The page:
Access to quality, consistent care is imperative for patients with diabetes to maintain their health. Having an ongoing care plan is the best way for patients to avoid complications — one of the most common being diabetic foot ulcers, which can lead to the partial or whole amputation of the foot.
The Centers for Disease Control and Prevention’s most recent data on the diabetes-related amputations, from 2016, shows that there were 4.9 lower-extremity amputations per 1,000 diabetic adults in the U.S. Among diabetic people who have had a lower-extremity amputation, more than half may end up having an amputation of the opposite extremity within five years, according to the agency.
The American Diabetes Association announced an initiative last week aimed at tackling this issue. The nonprofit launched the Amputation Prevention Alliance — a three-year effort to decrease the number of diabetes-related amputations in the country — along with five partner organizations.
Those partners include diabetic foot care provider Podimetrics, wound care company Advanced Oxygen Therapy and membership-based medical society Critical Limb Ischemia Global Society, as well as medical device companies Abbott and Cardiovascular Systems.
The majority of diabetes-related amputations are preventable, according to Jon Bloom, Podimetrics’ CEO and co-founder.
As diabetes advances within a patient, they may experience nerve damage called diabetic neuropathy, in which damaged tissue struggles to heal. Peripheral neuropathy — nerve damage that leads to sores on the feet and legs first — is the most common form of diabetic neuropathy, according to Bloom. The hands and arms can also be affected later, he said.
Patients at risk for diabetic foot ulcers might not even feel a sore forming on their foot. When this is the case, the sore continues to get worse and does not heal well due to increased blood sugar levels, Bloom pointed out. These sores often advance to require diabetic amputation — an issue Bloom said is “simply not talked about enough.”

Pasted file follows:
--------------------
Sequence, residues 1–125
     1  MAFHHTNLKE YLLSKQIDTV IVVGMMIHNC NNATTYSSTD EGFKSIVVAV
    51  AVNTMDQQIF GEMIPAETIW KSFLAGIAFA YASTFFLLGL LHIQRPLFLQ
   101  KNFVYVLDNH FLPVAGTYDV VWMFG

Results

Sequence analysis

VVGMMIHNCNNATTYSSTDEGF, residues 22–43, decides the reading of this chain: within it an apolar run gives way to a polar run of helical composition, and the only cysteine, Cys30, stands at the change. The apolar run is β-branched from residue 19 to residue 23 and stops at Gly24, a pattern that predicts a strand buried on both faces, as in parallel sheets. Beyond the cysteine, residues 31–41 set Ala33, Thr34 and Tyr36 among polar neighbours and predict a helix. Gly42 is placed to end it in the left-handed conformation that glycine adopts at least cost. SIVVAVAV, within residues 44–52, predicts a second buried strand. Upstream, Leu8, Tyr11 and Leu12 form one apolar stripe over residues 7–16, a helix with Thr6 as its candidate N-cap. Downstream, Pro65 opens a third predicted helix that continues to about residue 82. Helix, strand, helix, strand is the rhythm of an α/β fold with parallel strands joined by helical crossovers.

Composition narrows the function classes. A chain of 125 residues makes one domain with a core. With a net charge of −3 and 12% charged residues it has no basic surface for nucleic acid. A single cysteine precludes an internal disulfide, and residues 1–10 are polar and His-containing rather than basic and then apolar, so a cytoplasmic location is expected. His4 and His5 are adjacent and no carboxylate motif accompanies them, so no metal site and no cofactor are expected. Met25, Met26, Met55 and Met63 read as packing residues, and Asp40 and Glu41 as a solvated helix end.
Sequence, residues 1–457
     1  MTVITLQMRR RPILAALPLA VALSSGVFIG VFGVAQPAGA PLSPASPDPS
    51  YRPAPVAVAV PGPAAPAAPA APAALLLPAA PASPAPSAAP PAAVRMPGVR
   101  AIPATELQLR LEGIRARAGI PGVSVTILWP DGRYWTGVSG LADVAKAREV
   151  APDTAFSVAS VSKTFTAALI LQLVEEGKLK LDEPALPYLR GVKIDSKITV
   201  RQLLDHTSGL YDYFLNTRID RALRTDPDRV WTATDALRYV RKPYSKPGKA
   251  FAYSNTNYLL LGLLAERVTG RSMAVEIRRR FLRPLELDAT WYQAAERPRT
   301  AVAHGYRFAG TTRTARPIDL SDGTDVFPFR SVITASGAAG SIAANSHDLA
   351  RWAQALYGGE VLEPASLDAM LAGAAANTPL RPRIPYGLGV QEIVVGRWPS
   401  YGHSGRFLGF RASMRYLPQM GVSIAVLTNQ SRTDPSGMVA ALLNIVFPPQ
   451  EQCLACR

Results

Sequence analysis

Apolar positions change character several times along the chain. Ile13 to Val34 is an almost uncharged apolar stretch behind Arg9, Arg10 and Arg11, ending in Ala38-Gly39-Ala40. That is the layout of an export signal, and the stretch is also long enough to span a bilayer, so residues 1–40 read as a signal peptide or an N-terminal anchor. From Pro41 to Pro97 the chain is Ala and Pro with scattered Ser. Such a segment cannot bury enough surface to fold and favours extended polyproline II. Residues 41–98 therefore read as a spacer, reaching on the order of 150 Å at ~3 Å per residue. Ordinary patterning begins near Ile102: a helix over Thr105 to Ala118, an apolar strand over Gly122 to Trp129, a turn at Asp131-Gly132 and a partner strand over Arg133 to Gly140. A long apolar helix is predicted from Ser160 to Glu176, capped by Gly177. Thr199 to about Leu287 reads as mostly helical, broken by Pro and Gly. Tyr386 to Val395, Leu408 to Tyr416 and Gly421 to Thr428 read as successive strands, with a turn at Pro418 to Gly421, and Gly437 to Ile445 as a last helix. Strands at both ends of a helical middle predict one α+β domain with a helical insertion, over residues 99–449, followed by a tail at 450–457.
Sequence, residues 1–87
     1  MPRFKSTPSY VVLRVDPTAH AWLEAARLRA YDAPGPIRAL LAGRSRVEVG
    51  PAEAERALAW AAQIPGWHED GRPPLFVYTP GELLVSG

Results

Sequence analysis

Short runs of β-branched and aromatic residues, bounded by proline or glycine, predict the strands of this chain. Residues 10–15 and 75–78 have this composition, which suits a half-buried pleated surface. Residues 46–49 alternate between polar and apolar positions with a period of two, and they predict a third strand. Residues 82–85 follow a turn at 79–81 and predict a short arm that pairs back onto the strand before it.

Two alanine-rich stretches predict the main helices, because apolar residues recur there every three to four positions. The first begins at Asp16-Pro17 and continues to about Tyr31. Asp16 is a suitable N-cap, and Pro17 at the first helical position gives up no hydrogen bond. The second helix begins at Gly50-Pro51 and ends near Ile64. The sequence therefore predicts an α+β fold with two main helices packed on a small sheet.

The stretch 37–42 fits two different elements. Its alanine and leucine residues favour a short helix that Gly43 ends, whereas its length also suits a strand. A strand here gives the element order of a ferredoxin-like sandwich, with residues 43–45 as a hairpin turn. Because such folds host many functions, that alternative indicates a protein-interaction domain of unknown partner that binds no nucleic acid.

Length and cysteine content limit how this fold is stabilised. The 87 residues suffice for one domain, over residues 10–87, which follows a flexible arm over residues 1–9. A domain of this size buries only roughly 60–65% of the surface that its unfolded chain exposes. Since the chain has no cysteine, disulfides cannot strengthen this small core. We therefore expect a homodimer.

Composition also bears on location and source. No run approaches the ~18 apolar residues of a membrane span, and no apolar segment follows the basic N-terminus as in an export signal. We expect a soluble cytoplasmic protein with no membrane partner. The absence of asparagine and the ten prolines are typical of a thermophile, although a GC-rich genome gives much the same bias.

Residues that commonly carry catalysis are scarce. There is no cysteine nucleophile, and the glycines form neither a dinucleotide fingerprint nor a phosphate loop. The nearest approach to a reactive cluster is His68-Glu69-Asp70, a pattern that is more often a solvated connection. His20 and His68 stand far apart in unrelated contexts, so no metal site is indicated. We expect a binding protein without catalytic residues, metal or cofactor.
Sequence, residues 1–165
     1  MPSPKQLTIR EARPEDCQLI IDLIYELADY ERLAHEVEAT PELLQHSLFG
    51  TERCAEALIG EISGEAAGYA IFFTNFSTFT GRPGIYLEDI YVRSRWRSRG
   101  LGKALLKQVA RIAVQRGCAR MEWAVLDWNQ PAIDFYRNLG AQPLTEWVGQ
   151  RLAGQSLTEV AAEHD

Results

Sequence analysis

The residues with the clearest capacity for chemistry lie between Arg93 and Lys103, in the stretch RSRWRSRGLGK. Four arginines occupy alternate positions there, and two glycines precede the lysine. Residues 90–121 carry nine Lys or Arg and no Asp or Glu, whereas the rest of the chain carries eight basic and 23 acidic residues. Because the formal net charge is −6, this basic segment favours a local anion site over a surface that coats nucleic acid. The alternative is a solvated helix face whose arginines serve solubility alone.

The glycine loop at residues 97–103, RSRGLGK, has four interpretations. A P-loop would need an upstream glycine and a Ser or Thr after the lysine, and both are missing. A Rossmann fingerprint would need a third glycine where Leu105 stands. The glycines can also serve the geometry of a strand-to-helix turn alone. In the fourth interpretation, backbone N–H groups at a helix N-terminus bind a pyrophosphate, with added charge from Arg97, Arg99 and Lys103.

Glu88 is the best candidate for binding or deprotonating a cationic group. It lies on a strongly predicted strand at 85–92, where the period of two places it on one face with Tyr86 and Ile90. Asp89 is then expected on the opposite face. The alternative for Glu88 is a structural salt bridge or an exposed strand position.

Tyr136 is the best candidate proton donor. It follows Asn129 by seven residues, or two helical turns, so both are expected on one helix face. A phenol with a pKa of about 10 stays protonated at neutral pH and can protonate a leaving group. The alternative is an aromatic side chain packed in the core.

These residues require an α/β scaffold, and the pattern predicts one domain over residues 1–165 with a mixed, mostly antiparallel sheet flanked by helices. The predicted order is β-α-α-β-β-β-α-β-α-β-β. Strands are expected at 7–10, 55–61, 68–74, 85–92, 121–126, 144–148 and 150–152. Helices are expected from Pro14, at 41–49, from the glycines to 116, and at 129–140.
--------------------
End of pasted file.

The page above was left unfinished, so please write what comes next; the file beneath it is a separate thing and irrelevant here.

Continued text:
To combat the public health issue of preventable diabetes-related amputations, the alliance will prioritize patient education about the signs and symptoms associated with diabetic foot ulcers and diabetic neuropathy. It will also work with providers to ensure their patients with complex diabetes have regular check-ups, including appointments with a podiatrist that are focused primarily on foot health, Bloom said.
The Amputation Prevention Alliance plans to advocate for needed policy changes, one example of important legislation being the The Amputation Reduction and Compassion Act. The bill, which was introduced in Congress last year, would provide coverage of peripheral artery disease (PAD) screening for at-risk beneficiaries under the Medicare and Medicaid programs without cost-sharing requirements.
“By expanding coverage for PAD screening, the bill would help prevent vulnerable individuals from developing serious complications from PAD, which can lead to amputation,” Bloom said. “The ARC Act would also prohibit the use of amputation without the completion of testing to determine if alternative options could be utilized to benefit the patient and establish a PAD education program.”
The alliance has also formed a clinical advisory working group to produce recommendations mapping to policy change, clinician education programs and improved patient engagement, according to Bloom.
The initiative will focus on reaching providers and patients in communities facing disproportionately high rates of amputations and amputated-related mortality, such as the Black and Latino communities. Black people in the U.S. face amputation rates up to four times higher than White Americans, and Latino people are 50% more likely to have an amputation, according to the announcement.
To Bloom, the alliance’s success will be determined by one metric: whether or not it can reduce the more than 154,000 amputations that occur every year in the U.S.
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